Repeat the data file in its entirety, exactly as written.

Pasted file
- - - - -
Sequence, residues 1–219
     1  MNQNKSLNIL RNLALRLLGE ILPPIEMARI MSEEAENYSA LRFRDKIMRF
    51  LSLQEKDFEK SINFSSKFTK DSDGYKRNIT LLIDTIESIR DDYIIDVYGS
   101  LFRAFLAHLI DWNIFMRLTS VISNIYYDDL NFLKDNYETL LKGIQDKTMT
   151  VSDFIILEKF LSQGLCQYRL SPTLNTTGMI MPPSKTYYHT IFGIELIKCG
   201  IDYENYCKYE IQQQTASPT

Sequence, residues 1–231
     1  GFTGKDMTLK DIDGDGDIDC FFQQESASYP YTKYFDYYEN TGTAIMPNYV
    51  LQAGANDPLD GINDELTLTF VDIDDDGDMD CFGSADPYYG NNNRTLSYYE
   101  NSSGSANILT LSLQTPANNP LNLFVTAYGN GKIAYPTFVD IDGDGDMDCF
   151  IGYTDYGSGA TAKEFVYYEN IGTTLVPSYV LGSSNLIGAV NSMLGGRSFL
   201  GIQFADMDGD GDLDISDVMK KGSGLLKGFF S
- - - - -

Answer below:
Sequence, residues 1–219
     1  MNQNKSLNIL RNLALRLLGE ILPPIEMARI MSEEAENYSA LRFRDKIMRF
    51  LSLQEKDFEK SINFSSKFTK DSDGYKRNIT LLIDTIESIR DDYIIDVYGS
   101  LFRAFLAHLI DWNIFMRLTS VISNIYYDDL NFLKDNYETL LKGIQDKTMT
   151  VSDFIILEKF LSQGLCQYRL SPTLNTTGMI MPPSKTYYHT IFGIELIKCG
   201  IDYENYCKYE IQQQTASPT

Sequence, residues 1–231
     1  GFTGKDMTLK DIDGDGDIDC FFQQESASYP YTKYFDYYEN TGTAIMPNYV
    51  LQAGANDPLD GINDELTLTF VDIDDDGDMD CFGSADPYYG NNNRTLSYYE
   101  NSSGSANILT LSLQTPANNP LNLFVTAYGN GKIAYPTFVD IDGDGDMDCF
   151  IGYTDYGSGA TAKEFVYYEN IGTTLVPSYV LGSSNLIGAV NSMLGGRSFL
   201  GIQFADMDGD GDLDISDVMK KGSGLLKGFF S